Long time Android user and supporter of anything open-source, Robert is a BSc graduate with an enduring fascination for technology. Glued to his Galaxy S2 there’s very little tech news which slips past him unnoticed.

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31 May 12 Samsung Galaxy S3 S Voice App Starts Working On Other Androids Again

Samsung Galaxy S3 S Voice(Photo: Samsung | Mobile Apps)

The most innovative feature of Samsung Galaxy S3 – S Voice – was hacked and ported to other Android smartphones last week. However, the joy was short lived as Samsung quickly figured it out and restricted the device access to servers required for functioning of the app. Surprisingly, however, the leaked S Voice app is functional again on Android smartphones other than Galaxy S3, if the latest reports are to be believed.

According to The Verge, the leaked S Voice app has started working again on ICS powered non-Samsung smartphone without any change in the code. Samsung’s voice assistant S Voice has been released on the company’s new flagship smartphone. It was hacked and distributed to the public around the same time. S Voice is an updated version of the voice assistant found in Galaxy S2. The app is widely popular due to its Siri-like functionality. S Voice can virtually do anything that Apple Siri does. You can place a call, text a friend, check weather, organize meetings, open apps and even shoot pictures on voice guidance.

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Earlier, it took less than a day for Samsung to shut down the unauthorized access to the app. However, it appears that Samsung has opened the gates to the servers and the leaked S Voice apk app is again working on other Ice Cream Sandwich devices. Folks at Android Community also confirmed the functioning of the app on Samsung Galaxy Nexus and HTC Sensation.

You can download the S Voice app in .apk file format from XDA Developer forums. However, to install it, you will need to enable application installations from non-market sources. Go to Settings – Security – Device Administration and check the “unknown sources” option on any Android 4.0 ICS powered smartphone.

In case, you have already installed the app and it is not working, it is recommended to re-install the app again.

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04 Mar 12 iPhone 4S Fails, Android Browser Leads Mobile Market Race

Despite recording an impressive iPhone 4S sales number last quarter, Apple’s “iPhone web browser” fails to grab mobile web browser’s top spot, Android leads while Opera drops 1 place.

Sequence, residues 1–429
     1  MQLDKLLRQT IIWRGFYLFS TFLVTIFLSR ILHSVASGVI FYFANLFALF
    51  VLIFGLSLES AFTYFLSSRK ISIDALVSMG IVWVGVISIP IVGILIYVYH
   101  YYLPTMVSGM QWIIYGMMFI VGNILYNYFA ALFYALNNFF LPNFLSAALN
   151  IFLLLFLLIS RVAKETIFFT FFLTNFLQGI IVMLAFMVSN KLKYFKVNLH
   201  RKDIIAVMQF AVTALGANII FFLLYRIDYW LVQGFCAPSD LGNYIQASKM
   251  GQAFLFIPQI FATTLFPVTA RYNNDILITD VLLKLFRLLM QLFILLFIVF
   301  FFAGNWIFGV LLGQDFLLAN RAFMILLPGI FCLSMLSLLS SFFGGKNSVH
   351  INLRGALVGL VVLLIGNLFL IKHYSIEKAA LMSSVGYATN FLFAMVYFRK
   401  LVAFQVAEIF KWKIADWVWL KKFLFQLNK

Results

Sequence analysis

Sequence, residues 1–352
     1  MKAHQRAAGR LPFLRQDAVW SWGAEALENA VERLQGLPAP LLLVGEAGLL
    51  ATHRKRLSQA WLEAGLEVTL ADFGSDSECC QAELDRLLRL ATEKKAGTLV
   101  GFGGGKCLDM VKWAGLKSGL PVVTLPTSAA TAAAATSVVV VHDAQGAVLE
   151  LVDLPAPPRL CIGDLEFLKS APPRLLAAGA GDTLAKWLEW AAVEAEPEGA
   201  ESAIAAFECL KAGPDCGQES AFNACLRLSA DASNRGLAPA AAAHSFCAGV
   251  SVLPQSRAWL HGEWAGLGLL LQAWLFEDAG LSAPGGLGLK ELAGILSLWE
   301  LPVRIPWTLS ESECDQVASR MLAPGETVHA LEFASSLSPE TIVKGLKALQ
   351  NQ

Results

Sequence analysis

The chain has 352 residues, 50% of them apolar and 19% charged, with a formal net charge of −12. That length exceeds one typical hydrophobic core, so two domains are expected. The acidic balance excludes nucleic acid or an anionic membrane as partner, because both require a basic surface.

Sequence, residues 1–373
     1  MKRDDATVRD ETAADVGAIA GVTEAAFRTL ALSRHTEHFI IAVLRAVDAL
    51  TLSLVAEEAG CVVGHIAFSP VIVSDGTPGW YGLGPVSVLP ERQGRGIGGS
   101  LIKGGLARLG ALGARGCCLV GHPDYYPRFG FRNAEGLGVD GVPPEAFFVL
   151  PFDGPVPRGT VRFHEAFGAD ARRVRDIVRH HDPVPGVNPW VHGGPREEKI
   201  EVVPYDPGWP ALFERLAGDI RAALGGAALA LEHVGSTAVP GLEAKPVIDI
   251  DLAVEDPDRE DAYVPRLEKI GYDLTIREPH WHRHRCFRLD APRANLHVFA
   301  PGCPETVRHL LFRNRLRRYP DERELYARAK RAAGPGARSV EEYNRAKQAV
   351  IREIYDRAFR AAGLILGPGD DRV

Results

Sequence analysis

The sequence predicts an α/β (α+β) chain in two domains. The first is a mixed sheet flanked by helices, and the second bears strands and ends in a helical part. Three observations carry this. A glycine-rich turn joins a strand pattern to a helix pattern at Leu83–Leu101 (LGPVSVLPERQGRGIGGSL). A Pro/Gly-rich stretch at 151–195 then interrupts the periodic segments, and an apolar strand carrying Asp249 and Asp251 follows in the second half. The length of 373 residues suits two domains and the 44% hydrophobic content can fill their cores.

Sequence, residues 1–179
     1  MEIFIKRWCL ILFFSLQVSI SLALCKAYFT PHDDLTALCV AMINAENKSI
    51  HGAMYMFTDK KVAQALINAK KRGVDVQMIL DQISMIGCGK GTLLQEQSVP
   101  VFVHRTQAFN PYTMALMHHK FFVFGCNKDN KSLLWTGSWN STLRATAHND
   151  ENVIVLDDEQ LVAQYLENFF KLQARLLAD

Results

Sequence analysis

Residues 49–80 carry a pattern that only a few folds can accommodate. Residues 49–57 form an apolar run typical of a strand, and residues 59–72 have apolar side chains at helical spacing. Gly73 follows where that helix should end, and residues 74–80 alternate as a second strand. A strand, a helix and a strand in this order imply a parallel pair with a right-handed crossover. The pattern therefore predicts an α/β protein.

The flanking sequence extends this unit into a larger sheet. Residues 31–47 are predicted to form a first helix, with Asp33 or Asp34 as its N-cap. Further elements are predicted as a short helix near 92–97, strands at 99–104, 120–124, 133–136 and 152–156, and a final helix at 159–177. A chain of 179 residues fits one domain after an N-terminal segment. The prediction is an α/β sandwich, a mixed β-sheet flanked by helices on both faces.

Now you know why Google wants a big shift from Android web browser to Chrome!

Statcounter unveiled this week the new data (as of February 2012) presenting the top mobile web browsers in the world.

For the not-so-geeky readers, mobile web browsers have their own Billboard-thingy, while the more traditional desktop web browsers also have their chart.

Now here’s the latest count according to Statcounter, Android’s native (always pre-installed on Android devices) web browser is now the mobile web browser’s market leader with a 22.67 percent of the market.

Compared to the native Android browser’s January market share, new Android devices activated this month pushed the app’s share by nearly 1.28 percent upswing beating the former market leader Opera with a February 2012 market share of 21.7 which is 1.64 percent lower compared to its January 2012 market share.

Meanwhile, Apple’s iPhone 4S is surprisingly not enough to push the Safari iPhone web browser to the top-end of the chart. The data suggested that Apple’s “iPhone web browser” or technically the Safari web browser running on Apple smartphones, gained 1.55 percent and achieved the impressive 21.06 percent mobile web browser market share as of last month.

Apple’s iPhone web browser started to generate new customers during the August-October time frame while Nokia’s web browser share dropped nearly 4 points last year.

The iPhone 4S arguably helped a lot, plus the fact that Apple started selling the cheapest iPhone 4 with 8GB storage last year. For starters, more iPhone users will push Apple’s mobile web browser’s market share.

This year, Google is expected to initiate a “big shift” from Android web browser to the new Chrome for Android web app.

The Chrome for Android works with Android Ice Cream Sandwich only but Google said in a blog post that it will continue to develop Chrome, plus, new devices are set to join the market this year so Chrome For Android will surely receive its first mobile web browser numbers before the end of the current fiscal year. I should also note that some Android 2.3 devices (like the Galaxy S2, Galaxy Note, Droid RAZR) are scheduled to receive the ICS update this year.

Chrome for Android web browser